Gural wants the horsemen to fund drug testing and marketing with 5 percent of purses from “slot-rich” racetracks (numbers that were radically reduced earlier this week at the USTA board of directors meetings). His poll concluded that most of the people are in favor of that. Well, much like the popular claim that those making over $250,000 a year should be taxed more heavily, a majority of the public agrees with the concept but Washington still can’t find a way to adopt legislation.

The key factor in what separates Gural and Faraldo is perhaps the fact that Faraldo is carving out a current stance and Gural is looking into the future. Real estate people are always looking ahead and speculating future value of their investments. Gural is attempting to do the same for harness racing. However, in as much as real estate can be a gamble, marketing the sport of harness racing with any level of success seems near impossible at this stage. Despite the walls appearing to collapse in Pennsylvania and Ontario, Faraldo obviously thinks his position is strong on maintaining the status quo and that he can control the powers in Albany to maintain the current contribution level from slot machines. Yet recent legislation supporting seven competing casinos in New York could drain racing purses.

Faraldo is not wrong in suggesting that horsemen shouldn’t have to pay for things like promotion or drug testing. The problem is that when all is said and done the sport is not guaranteed to survive if nothing changes, while those racetracks that house slot machines most definitely will.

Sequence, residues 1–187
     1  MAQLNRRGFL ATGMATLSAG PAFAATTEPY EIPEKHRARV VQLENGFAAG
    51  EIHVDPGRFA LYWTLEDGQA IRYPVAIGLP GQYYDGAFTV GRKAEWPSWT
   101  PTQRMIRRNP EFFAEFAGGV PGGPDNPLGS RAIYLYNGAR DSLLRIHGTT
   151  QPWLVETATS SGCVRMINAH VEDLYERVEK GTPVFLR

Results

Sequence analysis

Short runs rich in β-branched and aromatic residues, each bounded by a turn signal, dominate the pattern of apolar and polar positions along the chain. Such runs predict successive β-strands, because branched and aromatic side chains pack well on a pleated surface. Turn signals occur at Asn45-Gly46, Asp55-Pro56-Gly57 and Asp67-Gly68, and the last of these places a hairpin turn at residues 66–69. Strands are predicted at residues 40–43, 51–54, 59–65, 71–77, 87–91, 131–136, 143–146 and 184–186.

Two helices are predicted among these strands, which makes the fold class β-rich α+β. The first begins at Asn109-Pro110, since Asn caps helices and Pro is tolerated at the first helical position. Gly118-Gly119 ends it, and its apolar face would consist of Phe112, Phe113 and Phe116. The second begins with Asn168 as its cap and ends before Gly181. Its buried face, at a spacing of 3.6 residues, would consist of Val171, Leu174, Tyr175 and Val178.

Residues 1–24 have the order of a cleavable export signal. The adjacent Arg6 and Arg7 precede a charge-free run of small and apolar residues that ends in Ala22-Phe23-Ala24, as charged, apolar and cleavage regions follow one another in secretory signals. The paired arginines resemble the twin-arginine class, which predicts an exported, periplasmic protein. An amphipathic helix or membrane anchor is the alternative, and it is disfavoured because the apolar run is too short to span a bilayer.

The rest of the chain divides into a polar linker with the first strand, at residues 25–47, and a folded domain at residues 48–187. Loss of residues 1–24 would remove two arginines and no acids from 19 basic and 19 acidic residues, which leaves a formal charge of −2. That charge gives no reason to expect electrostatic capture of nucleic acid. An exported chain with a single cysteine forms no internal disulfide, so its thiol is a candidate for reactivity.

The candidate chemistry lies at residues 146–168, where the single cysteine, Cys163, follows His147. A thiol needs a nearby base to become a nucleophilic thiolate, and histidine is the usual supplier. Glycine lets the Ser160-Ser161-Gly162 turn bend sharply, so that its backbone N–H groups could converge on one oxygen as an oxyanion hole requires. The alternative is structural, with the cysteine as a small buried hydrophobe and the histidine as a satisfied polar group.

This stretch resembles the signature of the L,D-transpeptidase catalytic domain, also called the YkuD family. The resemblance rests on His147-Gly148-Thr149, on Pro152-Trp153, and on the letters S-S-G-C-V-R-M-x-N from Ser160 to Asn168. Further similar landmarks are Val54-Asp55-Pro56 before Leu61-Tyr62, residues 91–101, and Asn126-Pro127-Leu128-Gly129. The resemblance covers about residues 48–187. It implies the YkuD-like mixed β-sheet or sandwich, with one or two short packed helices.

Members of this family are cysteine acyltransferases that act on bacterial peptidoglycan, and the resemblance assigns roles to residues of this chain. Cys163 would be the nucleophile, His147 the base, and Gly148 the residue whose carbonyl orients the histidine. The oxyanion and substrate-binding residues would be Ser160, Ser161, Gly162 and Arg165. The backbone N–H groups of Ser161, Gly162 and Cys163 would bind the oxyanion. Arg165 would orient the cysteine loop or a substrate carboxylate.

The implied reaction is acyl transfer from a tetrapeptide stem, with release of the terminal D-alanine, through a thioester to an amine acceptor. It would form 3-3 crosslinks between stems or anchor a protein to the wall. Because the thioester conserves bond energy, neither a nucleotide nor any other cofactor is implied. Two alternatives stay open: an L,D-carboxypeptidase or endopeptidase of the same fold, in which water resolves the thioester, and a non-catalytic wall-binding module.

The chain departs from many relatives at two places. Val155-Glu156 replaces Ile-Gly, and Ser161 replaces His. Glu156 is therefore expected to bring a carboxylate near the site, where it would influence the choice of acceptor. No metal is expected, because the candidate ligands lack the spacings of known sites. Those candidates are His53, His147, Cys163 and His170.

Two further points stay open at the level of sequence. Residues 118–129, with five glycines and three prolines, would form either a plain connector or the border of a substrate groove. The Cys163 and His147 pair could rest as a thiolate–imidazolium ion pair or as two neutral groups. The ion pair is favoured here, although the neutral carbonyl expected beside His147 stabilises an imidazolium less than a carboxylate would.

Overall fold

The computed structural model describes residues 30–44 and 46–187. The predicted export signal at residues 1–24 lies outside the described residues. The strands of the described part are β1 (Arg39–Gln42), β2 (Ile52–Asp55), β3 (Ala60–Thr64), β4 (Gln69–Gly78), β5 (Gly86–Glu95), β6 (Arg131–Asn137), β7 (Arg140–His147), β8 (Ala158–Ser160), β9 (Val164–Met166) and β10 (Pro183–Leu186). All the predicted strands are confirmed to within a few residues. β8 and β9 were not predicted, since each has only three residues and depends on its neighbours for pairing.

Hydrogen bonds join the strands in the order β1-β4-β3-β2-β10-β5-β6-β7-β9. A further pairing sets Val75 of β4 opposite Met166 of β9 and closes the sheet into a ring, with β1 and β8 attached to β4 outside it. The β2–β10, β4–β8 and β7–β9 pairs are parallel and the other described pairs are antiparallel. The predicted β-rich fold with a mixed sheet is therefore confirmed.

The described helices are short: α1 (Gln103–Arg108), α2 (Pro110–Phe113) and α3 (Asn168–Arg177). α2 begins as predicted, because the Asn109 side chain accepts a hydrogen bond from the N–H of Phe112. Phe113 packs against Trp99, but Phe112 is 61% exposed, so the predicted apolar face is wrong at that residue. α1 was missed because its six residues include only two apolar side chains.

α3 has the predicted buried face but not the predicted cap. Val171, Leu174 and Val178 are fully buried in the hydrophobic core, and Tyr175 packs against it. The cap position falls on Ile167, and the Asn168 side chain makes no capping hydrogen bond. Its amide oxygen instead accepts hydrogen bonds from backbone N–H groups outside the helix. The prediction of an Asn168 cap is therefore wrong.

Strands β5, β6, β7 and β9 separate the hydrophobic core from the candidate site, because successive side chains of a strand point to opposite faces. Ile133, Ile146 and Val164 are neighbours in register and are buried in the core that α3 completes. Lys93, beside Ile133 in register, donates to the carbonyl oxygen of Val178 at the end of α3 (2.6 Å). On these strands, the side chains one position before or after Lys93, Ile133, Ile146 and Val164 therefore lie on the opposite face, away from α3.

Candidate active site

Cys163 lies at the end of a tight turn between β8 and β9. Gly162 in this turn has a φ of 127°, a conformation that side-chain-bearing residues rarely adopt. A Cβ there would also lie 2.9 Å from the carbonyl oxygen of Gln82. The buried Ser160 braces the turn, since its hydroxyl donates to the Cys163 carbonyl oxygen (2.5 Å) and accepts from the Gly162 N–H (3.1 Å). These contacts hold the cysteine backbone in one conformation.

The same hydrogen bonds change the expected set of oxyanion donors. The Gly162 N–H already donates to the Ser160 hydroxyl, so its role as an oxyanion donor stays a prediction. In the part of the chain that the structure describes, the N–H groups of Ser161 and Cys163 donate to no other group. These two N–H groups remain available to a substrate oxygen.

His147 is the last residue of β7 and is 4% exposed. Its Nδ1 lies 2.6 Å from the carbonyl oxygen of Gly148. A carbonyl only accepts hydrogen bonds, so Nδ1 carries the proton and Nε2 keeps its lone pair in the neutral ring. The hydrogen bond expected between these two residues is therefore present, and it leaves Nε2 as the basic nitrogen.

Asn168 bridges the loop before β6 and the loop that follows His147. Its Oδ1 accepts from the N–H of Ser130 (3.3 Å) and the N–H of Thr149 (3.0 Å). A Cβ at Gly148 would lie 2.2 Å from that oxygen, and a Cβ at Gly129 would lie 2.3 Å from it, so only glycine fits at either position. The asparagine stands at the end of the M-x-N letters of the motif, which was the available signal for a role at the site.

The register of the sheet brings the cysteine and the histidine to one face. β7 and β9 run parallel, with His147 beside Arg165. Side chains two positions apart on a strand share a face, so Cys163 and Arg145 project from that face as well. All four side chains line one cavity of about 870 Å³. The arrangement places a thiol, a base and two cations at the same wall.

Under his watch Faraldo probably got the most money for horsemen possible in his dealings with Yonkers management. Yet if he considers the $1 million spent to keep the Yonkers signal on the NYRA channel after the collapse of NYC OTB something worth bragging about, perhaps he should give the exact figures Yonkers handle went down in 2011. For the record it fell from a nightly average of $952,000 in 2010 to $752,862 last year.

Gural too tends to be guilty of advance promotion of handle figures when they’re positive and fails to mention anything negative when it doesn’t suit a purpose. A quick look at last year’s disappointing ontrack live track handle at Tioga Downs, which dropped to $1,565,983 from $1,801,096 in 2010, or the money wagered on simulcast signals into Tioga, which reduced more dramatically from $4,432,141 in 2010 to $3,602,467 in 2011, completes the story.

Well, not exactly. Handle on slot machines in the fiscal year set to end this week shows Tioga’s take on overall handle will show a gain of $5 million! This could lead to the impression that Tioga’s marketing is succeeding rather well in siphoning racing handle to its slot machines.

The irony of this incredible War of Words is that Faraldo appears so willing to accept the lack of a Yonkers Raceway marketing plan for harness racing, unless you consider a “talking horse” in slot advertisements as meaningful, yet somehow is critical of someone spending time and money at three tracks on marketing actual horse races.

Obviously both Gural and Faraldo are flawed figures. Perhaps neither is fit to lead this sport out of its current malaise in spite of their obvious passion.

The issue is the future of the sport of harness racing, not casinos. The issue is the future and not the present. The issue is about unity in spite of enormous egos. The issue is about looking at the whole picture both positive and negative so there’s less posturing and more understanding.

We mustn’t keep kicking our future down the road.

We don’t hold the market position that Kodak and the Encyclopedia Britannica once did. Look where they are today.